To address the question of “How clean is clean?,” we have to make some planning assumptions. These assumptions allow us to focus our planning efforts, while realizing that the political process may cause some of the assumptions to be incorrect. The idea, however, is to have an end state in mind when we develop the technical work to be accomplished to reach that end state.

Building the Technical Baseline

We are using systems engineering principles to define our technical logic. Our systems engineering “Center of Excellence” has defined the functions, requirements, assumptions, and products for all top-level technical work. At the same time, programs and projects are doing the same at all levels for their work. The product is a technical baseline that describes what needs to be done. Systems engineers at the Site level concentrate on identifying interfaces among programs and projects that require joint planning. We are also determining where the risks (health, safety, and environmental, as well as programmatic) are from a Site perspective.

One approach we have used is based upon material balances. By that I mean we have determined what the materials are we will have to deal with, how much we have of them, and how they will be converted into a final disposal state. For example, we know how much solid waste we have, its form, and approximately how much stored waste we will have after it has been treated, packaged, and disposed of properly. Thus, we can determine how large our solid waste handling facilities will be, how much infrastructure we will need to support those facilities, and how much storage capacity we will eventually require for solid waste. We are doing the same thing for contaminated soil, low-level waste, etc. The idea is to determine the work that has to be done to convert our waste into a form that is technically correct and publicly acceptable.

Determining the Schedule

It is not enough, of course, to know what we have to do; we also have to know when. We have identified work activities by scope and duration through systems engineering. The next step is to establish project plans that show the relationship among tasks and clarify interdependencies. A critical path is identified and a schedule baseline is developed. Often, we set planning milestones and begin negotiations with our stakeholders and the tribes on those milestones. The summary schedule for all our activities is readily available to the public.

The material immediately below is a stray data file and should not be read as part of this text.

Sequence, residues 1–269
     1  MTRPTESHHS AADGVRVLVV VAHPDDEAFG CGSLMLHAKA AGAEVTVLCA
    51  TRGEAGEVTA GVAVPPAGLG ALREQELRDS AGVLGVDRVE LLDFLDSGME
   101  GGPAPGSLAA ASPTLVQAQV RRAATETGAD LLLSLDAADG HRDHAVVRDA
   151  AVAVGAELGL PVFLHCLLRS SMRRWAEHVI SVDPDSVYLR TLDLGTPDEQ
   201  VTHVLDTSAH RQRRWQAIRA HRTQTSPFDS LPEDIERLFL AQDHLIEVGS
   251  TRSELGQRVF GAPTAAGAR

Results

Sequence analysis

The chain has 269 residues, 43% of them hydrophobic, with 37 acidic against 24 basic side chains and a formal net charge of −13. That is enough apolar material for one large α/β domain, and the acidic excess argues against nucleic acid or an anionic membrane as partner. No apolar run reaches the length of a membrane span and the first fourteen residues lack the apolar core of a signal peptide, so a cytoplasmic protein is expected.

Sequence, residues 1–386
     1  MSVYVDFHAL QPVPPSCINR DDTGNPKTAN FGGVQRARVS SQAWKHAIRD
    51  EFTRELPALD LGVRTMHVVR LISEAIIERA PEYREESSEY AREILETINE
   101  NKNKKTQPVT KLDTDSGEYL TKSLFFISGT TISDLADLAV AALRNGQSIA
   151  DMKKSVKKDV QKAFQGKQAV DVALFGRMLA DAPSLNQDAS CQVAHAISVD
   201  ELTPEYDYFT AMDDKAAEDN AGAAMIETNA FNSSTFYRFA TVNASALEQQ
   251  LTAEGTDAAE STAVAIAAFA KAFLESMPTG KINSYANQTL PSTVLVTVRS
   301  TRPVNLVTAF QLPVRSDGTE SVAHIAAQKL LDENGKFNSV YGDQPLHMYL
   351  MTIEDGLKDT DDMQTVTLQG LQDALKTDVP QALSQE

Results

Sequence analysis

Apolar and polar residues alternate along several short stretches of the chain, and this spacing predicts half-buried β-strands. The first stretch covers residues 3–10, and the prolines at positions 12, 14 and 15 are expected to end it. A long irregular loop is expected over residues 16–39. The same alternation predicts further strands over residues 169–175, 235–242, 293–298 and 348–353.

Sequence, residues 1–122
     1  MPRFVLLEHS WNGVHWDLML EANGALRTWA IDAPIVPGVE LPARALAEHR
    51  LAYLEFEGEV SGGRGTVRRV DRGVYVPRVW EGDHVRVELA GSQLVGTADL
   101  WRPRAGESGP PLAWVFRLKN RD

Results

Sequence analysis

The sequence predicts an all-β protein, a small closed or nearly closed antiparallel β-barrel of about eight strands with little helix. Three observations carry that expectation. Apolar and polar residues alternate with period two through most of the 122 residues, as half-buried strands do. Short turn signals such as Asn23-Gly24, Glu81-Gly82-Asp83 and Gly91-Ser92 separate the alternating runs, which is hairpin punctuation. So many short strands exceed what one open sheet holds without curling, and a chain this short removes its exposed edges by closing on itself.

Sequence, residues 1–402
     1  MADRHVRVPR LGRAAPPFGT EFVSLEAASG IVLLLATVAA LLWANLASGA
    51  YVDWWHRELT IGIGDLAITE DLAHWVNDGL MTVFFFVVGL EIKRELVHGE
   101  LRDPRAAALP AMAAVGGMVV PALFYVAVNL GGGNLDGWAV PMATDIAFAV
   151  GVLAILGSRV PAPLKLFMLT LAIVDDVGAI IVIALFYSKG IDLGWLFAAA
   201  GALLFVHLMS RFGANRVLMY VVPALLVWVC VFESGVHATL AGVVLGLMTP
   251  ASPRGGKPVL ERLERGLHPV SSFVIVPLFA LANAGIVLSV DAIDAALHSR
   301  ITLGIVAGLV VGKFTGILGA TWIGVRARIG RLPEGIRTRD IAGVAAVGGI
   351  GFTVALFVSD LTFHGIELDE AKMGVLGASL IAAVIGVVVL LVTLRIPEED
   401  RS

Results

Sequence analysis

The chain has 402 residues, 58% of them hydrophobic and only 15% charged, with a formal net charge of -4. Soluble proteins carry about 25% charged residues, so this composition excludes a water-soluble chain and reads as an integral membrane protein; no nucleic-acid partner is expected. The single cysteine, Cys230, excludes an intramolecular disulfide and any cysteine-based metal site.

Estimating the Costs

One of our toughest jobs is estimating costs. Since we are doing many things for the first time, we often don't have historical figures upon which to base the costs. This puts additional pressure on our managers, because our management framework of work, schedule, and costs will not stand up without good cost figures. One thing we're doing is getting our financial system under control by requiring program and project managers to lay out the work in greater and greater detail. Then, we are prioritizing among work activities by their contribution to Site, not just program goals.

Building the Integrated Baseline

Our final step in defining our work is building the complete technical baseline. This baseline is tied to schedule and budget, thus providing a complete picture of what will be done, when it will be done, and how much it will cost. Our stakeholders will have had a chance to influence that baseline, as well. Ultimately, as I said earlier, we want detailed plans that document a work scope that is technically feasible, publicly acceptable, and realistically affordable.

Old-timers around here say the Manhattan Project often had the work ahead of the detailed plans. They were often pouring concrete based upon the barest of blueprints. We are trying to ensure that everything we do is based upon well-thought-out and approved plans. We want to ensure we know where we're going, how we'll get there, and what it will cost.

John D. Wagoner is manager of the U.S. Department of Energy's Richland Operations Office. In this position he is responsible for the DOE's mission at the 560-square-mile Hanford Site.

This material has been reproduced with the permission of the copyright owner. Unauthorized reproduction of this material is strictly prohibited. For permission to reproduce this material, please contact PMI.

PM Network • March 1995